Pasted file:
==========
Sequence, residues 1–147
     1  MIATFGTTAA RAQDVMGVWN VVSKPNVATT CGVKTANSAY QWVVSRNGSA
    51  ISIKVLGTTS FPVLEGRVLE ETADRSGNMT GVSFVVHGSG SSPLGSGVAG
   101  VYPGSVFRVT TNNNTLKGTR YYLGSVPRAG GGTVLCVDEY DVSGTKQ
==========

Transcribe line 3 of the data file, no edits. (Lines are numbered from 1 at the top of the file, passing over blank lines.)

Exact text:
    51  ISIKVLGTTS FPVLEGRVLE ETADRSGNMT GVSFVVHGSG SSPLGSGVAG